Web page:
Schwenzer, S. P.; Abramov, O.; Allen, C. C.; Clifford, S.; Filiberto, J.; Kring, D. A.; Lasue, J.; McGovern, P. J.; Newsom, H. E.; Treiman, A. H. and Wittmann, A.
The importance of (Noachian) impact craters as windows to the subsurface and as potential hosts of life.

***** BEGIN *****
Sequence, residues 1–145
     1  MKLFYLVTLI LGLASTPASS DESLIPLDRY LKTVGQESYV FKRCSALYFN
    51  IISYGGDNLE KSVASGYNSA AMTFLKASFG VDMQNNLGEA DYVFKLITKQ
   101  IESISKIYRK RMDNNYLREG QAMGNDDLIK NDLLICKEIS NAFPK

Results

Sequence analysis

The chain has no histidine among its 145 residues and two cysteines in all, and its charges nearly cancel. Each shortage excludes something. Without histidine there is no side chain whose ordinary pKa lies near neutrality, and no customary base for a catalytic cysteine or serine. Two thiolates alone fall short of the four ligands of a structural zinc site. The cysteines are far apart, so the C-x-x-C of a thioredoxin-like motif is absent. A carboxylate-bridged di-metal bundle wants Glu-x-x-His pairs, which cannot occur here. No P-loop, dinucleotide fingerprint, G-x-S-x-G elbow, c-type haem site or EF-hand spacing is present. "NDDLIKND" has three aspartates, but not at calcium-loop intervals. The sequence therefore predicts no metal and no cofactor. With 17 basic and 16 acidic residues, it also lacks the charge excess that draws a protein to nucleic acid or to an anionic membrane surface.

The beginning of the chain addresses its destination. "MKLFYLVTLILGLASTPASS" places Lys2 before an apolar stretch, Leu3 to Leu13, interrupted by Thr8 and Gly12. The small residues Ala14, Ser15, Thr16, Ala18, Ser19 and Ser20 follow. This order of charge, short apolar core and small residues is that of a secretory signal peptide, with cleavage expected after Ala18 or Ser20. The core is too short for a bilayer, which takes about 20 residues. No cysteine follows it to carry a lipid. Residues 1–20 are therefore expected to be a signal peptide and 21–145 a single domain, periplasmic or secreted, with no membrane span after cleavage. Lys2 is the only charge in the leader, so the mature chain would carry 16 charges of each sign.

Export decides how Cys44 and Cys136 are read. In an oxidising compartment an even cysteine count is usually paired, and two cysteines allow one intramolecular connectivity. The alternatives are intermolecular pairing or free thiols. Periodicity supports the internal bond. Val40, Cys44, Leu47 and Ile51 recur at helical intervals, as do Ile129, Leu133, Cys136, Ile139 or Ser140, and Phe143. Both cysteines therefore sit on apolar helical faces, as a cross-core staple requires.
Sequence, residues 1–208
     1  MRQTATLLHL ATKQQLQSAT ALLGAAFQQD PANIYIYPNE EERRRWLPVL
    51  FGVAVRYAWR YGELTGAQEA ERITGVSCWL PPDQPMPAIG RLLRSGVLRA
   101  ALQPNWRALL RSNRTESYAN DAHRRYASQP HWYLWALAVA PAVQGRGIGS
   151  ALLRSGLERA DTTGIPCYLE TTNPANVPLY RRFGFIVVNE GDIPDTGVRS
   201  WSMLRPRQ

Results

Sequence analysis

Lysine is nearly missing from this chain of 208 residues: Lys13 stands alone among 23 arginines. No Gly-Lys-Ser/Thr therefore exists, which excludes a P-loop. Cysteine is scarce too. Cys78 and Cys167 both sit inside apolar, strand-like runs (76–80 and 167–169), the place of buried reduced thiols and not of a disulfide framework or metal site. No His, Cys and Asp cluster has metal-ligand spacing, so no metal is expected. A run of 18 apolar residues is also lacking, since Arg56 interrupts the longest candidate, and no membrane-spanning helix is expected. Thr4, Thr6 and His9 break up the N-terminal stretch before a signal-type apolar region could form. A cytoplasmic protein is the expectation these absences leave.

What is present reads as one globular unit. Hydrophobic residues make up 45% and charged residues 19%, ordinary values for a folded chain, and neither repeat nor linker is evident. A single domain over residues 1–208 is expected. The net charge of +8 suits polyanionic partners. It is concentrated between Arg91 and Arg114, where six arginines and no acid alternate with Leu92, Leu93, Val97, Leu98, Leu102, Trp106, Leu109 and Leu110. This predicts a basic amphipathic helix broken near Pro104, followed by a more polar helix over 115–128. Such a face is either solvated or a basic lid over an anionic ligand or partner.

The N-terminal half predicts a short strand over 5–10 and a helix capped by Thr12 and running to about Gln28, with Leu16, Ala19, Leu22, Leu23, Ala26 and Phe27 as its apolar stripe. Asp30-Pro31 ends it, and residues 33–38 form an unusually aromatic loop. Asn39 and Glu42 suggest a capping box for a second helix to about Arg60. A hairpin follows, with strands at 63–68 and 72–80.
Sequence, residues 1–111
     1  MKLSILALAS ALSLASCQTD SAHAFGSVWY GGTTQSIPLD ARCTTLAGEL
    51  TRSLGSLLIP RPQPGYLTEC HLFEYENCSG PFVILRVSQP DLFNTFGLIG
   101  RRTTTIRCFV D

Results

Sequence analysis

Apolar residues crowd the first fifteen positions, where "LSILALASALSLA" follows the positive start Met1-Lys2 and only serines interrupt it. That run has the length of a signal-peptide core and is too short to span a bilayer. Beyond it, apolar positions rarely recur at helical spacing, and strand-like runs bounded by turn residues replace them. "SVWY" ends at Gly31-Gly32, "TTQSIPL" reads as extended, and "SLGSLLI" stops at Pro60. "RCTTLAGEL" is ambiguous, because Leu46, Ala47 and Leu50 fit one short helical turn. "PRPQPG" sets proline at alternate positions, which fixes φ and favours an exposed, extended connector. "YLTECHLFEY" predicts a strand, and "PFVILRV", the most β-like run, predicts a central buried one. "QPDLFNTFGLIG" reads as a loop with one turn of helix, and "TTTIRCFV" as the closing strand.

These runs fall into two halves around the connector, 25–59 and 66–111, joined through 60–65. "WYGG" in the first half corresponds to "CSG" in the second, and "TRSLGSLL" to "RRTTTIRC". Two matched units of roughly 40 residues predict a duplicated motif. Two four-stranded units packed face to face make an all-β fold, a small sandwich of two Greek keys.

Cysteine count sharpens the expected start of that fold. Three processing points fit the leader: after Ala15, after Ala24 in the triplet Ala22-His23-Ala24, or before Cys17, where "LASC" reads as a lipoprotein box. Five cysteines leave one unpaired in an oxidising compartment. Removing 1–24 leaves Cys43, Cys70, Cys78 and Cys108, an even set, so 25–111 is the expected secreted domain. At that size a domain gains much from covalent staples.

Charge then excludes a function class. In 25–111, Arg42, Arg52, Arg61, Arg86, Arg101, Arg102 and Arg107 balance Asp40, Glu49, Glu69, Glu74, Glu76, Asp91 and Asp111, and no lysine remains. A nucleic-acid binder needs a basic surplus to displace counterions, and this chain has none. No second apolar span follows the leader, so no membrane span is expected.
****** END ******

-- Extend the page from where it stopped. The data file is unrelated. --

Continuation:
Impact craters are important targets for Mars exploration, especially craters of ancient (Noachian) age, which record conditions on Early Mars. They can be used as natural “drill holes” or excavation pits into the subsurface, and so can provide information and samples that would otherwise be inaccessible (e.g., Moore 1977). Impact cratering was the dominant geological process on Early Mars and on the contemporary Earth and Moon (Hartmann and Neukum 2001); investigation of craters will inform our understanding of this geologic process and its effects. Impact craters, early in Mars’ history, disturbed and heated its water-bearing crust, and likely initiated long-lived hydrothermal systems (Newsom 1980, Newsom et al. 2001; Abramov and Kring 2005), which created some clement environments for life (Kring 2000a). Also, impact-heat generated lakes may have formed (Newsom et al. 1996). Thus, Noachian impact craters are important exploration targets, providing subsurface access, data on crucial geological processes, and warm, water-rich environments possibly conducive to life.
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